After the video, we had a great discussion on these steps. All six are critical parts of leading change and you can’t have one without the other. Now, if only leading change was as easy as following these six steps our lives would be much easier. As you think about a change initiative that was successful in your school, did you include all six of these steps? On the other hand, as you think about an initiative that failed, were there any steps that you missed? In the end, as leaders, we must always be willing to change in order to grow. As Tony Robbins said, “If you do what you’ve always done, you’ll get what you always gotten.”

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Welcome 2017-2018

Monday I start my 24th year in education. Each year begins with tremendous optimism for everyone: students, parents, teachers, and administrators. Kids can do and will do it; they will succeed. It is our responsibility to find a way to reach every student and help them reach their fullest potential. As we begin this wonderful 180-day journey, I wish each of you the very best and remember every day why we are here….to help kids succeed to their fullest potential, no matter how difficult, no matter how many obstacles we must overcome, no matter the reason. Our kids deserve it!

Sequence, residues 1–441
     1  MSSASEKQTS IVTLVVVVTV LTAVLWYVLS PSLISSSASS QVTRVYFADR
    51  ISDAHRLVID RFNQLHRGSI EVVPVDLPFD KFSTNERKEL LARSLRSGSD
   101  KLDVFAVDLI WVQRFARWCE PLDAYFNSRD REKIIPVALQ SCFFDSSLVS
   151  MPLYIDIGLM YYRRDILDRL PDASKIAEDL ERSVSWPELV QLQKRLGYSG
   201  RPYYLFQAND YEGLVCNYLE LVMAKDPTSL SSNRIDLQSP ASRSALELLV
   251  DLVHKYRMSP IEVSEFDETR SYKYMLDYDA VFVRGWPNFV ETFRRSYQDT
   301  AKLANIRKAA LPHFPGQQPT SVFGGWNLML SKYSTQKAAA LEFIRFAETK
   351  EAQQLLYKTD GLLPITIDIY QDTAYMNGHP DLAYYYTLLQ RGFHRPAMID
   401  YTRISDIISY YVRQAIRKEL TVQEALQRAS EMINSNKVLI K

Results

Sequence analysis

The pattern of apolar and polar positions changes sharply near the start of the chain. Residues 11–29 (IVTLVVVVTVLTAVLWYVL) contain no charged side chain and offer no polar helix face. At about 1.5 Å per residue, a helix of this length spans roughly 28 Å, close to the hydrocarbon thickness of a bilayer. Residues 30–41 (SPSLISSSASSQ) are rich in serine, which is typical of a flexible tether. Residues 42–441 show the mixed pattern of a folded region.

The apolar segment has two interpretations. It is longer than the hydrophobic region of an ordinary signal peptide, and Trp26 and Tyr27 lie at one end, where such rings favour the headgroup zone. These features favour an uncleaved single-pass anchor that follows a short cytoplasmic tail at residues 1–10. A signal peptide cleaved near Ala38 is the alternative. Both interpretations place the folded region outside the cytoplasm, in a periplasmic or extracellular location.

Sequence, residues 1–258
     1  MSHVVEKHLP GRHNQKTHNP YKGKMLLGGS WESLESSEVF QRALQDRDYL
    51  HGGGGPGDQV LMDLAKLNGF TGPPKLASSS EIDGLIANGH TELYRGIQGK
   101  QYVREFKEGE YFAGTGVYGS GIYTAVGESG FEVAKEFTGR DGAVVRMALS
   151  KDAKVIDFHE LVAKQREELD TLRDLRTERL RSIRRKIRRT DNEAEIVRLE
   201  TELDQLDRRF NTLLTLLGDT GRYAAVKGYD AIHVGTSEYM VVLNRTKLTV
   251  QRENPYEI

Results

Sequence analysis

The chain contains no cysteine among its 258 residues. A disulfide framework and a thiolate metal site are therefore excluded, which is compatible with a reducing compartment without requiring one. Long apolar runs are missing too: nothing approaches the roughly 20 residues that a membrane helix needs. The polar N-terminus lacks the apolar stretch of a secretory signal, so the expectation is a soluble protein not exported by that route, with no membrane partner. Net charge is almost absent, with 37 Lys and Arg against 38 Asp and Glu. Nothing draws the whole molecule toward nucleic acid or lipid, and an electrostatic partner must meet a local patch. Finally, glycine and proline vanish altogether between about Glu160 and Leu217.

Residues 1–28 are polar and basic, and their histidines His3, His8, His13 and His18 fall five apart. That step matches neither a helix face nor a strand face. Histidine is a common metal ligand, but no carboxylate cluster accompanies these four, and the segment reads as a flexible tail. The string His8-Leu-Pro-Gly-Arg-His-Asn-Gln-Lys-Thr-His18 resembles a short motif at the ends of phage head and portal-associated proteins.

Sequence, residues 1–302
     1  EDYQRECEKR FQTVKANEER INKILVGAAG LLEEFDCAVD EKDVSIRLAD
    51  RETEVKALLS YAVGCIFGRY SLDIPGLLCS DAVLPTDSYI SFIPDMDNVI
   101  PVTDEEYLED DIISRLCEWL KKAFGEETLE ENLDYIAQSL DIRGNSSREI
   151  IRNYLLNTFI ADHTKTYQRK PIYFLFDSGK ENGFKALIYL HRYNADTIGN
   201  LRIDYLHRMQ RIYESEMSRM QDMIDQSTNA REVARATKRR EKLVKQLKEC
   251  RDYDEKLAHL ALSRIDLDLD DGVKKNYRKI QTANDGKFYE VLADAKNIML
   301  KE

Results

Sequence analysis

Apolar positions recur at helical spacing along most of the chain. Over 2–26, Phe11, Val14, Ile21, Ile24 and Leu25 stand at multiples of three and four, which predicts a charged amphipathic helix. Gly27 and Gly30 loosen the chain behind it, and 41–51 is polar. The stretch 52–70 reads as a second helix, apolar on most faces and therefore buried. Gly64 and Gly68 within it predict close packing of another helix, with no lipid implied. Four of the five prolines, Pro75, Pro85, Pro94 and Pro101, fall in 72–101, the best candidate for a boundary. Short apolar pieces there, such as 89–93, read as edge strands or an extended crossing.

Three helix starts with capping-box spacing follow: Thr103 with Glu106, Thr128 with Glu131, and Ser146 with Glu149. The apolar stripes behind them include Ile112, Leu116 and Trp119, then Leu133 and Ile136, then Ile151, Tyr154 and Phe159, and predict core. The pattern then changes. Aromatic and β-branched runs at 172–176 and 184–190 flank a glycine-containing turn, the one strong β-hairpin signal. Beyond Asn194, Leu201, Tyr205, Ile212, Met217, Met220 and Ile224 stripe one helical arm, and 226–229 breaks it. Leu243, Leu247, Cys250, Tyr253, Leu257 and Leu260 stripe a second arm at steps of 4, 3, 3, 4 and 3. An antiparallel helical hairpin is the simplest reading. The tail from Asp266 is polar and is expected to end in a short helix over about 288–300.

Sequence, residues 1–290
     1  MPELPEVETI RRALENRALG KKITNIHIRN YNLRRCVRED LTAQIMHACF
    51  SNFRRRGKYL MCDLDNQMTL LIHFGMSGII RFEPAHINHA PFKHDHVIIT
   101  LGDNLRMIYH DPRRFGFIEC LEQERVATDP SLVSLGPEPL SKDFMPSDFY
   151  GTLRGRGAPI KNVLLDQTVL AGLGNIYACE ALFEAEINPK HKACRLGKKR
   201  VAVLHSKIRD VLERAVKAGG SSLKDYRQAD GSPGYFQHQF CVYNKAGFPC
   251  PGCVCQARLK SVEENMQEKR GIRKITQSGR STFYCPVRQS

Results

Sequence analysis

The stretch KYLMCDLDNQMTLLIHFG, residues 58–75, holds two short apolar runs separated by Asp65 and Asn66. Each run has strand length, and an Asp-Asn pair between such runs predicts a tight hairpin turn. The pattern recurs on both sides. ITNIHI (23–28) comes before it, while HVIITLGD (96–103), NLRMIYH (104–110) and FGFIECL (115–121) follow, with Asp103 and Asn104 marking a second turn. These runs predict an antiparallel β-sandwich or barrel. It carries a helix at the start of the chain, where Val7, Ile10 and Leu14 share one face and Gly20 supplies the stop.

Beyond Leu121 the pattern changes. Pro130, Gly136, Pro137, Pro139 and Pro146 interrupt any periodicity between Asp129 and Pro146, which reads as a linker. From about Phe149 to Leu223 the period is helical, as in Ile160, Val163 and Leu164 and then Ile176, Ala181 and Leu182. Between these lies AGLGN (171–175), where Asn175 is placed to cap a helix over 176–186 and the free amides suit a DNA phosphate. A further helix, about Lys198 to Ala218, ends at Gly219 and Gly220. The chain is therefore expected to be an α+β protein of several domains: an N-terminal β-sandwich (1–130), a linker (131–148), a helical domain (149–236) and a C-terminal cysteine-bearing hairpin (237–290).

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Enthusiasm through Empowerment

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For all of us, whether as administrators, teachers, students, or parents, the start of the school year is filled with all sorts of emotions. There is a sense of sadness that summer is over and the relaxed feeling that accompanies summer days has come to an end. There is the knowledge that the hectic pace of the school year is about to start and not end for the next ten months. The summer gives us time to pause and reflect on the previous year and also allows us to recharge for the start of the next year. Regardless of the joys of summer, I often hear people say, “It was a great summer, but I am ready to get back to school.”

A new school year is filled with excitement, rejuvenation, and anticipation. These feelings are only natural and motivating. For those of us on Twitter, our feeds have become inundated with back to school messages that cover a myriad of topics. There is even a hashtag #1st3days to mark the start of the year. Regardless of your role or how many years you have been in school, everyone has that sense of enthusiasm to start the year. Knowing this, I ask the question…

“What are you enthusiastic about to start the school year?”

As the year begins to unfold, that sense of enthusiasm and excitement begins to dissipate week by week, month by month; it is only natural. Over the last few days, I have reflected on this very notion…